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CAREW, in his "Survey of Cornwall," p. 139 (p. 324, Lord Dunstanville's edit.), tells us, "near this rock there is another which, having a pit in it, containeth water which ebbs and flows as the sea does. I was thereupon very curious to inspect this matter, and found it was only a hole artificially cut in a stone, about twelve inches deep and six broad; wherein after rain, a pool of water stands, which afterwards with fair weather vanisheth away, and is dried up; and then again, on the falling of rain, water is replenished accordingly, which with dry weather abates as aforesaid (for upon those occasions I have seen it to have water in its pit, and again to be without it), which doubtless gave occasion to the feigned report that it ebbs and flows as the sea :" of all which premisses thus speaks Mr Carew further, out of the Cornish "Wonder Gatherer " --

"You neighbour scorners, holy, proud,
Goe people Roache's cell,
Far from the world and fleer to the heavens;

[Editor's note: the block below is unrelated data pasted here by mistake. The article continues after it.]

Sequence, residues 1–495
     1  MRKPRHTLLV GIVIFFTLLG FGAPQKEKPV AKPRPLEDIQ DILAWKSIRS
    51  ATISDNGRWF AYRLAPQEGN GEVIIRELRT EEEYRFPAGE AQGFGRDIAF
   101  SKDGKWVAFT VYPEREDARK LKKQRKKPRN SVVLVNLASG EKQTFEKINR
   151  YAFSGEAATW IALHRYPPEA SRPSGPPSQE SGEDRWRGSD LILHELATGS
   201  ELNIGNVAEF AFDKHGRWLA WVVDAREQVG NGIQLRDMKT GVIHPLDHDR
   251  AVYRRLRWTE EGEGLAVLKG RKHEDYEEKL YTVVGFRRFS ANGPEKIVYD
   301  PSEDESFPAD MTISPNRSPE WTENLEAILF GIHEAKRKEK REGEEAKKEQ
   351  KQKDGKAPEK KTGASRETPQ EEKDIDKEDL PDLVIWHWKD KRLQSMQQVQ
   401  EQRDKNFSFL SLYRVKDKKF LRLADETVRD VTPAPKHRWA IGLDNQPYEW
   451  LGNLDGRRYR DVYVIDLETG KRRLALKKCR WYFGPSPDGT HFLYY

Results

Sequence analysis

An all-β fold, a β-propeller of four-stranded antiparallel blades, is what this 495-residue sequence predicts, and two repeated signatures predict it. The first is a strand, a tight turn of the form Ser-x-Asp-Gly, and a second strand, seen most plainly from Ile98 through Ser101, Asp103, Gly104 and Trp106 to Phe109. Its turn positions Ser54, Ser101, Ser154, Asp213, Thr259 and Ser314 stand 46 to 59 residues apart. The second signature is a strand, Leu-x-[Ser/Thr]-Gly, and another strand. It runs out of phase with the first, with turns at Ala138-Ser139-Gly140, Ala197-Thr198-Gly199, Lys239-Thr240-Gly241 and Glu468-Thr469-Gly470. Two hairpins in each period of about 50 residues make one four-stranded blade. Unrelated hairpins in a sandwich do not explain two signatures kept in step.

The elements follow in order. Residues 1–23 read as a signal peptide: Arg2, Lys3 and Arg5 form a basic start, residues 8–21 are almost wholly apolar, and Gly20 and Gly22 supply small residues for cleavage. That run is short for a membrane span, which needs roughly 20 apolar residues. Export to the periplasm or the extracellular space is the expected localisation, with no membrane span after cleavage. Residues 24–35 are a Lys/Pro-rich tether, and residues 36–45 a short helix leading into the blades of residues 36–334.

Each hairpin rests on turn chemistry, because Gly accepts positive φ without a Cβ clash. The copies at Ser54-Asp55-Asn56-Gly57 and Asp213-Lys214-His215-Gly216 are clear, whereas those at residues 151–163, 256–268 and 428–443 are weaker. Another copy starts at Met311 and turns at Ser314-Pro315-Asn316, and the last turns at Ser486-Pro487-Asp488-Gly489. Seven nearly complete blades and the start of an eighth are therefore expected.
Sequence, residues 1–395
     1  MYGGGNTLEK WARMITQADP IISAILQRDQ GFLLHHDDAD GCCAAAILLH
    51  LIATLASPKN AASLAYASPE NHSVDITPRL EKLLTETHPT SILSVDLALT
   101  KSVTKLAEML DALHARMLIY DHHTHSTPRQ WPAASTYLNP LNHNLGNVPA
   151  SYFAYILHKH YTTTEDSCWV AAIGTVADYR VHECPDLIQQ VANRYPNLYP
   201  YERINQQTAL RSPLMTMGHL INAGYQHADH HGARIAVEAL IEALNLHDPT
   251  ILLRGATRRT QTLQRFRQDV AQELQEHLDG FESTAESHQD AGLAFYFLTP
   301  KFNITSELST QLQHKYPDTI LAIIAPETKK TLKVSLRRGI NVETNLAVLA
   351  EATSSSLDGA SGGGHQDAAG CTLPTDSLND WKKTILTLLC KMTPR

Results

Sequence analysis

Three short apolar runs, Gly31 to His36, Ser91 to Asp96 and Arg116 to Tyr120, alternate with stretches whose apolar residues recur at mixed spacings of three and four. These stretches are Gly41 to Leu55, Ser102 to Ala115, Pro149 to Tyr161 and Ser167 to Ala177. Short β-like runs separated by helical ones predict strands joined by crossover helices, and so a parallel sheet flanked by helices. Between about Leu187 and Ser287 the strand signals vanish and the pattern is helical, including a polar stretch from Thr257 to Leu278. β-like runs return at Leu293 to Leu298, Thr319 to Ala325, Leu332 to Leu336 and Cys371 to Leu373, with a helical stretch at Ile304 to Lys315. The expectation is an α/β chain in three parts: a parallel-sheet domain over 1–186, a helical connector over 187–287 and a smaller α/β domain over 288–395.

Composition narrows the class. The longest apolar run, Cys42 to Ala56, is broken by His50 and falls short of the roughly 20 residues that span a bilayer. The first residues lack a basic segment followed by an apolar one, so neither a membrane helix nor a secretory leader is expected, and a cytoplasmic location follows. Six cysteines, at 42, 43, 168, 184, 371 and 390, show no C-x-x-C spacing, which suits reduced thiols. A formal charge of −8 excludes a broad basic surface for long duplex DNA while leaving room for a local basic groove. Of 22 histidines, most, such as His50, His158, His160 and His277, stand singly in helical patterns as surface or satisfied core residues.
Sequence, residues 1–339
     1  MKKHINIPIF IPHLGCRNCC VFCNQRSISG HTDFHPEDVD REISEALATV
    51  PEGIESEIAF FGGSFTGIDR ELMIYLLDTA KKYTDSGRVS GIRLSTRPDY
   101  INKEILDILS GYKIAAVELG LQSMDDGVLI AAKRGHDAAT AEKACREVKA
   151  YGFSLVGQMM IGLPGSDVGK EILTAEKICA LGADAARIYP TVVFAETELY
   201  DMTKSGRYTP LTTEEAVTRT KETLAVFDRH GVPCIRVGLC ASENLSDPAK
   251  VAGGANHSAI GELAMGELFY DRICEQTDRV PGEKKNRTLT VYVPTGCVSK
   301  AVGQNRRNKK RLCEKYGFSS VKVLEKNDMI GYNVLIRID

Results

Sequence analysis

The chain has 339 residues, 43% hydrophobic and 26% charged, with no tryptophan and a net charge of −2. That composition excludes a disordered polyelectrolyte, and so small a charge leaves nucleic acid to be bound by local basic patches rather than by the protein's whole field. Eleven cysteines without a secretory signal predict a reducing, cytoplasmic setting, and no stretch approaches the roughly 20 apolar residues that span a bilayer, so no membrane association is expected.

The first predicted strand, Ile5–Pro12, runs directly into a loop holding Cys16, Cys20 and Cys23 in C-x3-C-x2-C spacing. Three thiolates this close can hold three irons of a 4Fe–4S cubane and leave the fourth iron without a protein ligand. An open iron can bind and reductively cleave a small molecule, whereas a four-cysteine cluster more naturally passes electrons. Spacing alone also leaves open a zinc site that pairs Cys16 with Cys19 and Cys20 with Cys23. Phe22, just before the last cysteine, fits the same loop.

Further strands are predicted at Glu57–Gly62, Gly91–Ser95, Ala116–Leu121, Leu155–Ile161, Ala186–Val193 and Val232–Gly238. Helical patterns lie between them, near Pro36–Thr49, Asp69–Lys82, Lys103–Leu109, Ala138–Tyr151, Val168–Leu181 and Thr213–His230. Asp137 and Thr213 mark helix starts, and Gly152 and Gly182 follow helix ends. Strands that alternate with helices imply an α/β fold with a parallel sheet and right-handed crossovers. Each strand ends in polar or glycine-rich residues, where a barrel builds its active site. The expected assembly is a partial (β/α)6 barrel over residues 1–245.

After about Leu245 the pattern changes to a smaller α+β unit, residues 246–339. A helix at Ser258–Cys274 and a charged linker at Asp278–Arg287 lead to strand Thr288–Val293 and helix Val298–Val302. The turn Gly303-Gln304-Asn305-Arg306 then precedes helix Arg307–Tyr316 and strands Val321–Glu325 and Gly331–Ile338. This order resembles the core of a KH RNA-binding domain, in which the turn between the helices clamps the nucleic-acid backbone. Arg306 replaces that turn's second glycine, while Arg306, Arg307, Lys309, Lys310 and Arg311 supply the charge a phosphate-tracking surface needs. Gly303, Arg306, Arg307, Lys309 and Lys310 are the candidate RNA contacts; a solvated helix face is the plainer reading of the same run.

There hermitts may you dwell.

"Is 't true the springe in rock hereby
Doth tidewise ebb and flowe ?
Or have we fooles with lyars met ?
Fame says it's; be it soe."

The last tradition of this hermitage chapel is, that when it was kept in repair, a person diseased with a grievous leprosy was either placed or fixed himself therein, where he lived until the time of his death, to avoid infecting others. He was daily attended with meat, drink, and washing by his daughter, named Gunnett or Gundred, and the well hereby from whence she fetched water for his use is to this day shown, and called by the name of St Gunnett's Well, or St Gundred's Well.

It is not possible to give even the names of the wells which are still thought to have "some healing virtue" in them. The typical wells have alone been mentioned; and to these brief notices of a few others may be added.

Next: St Cuthbert's or Cubert's Well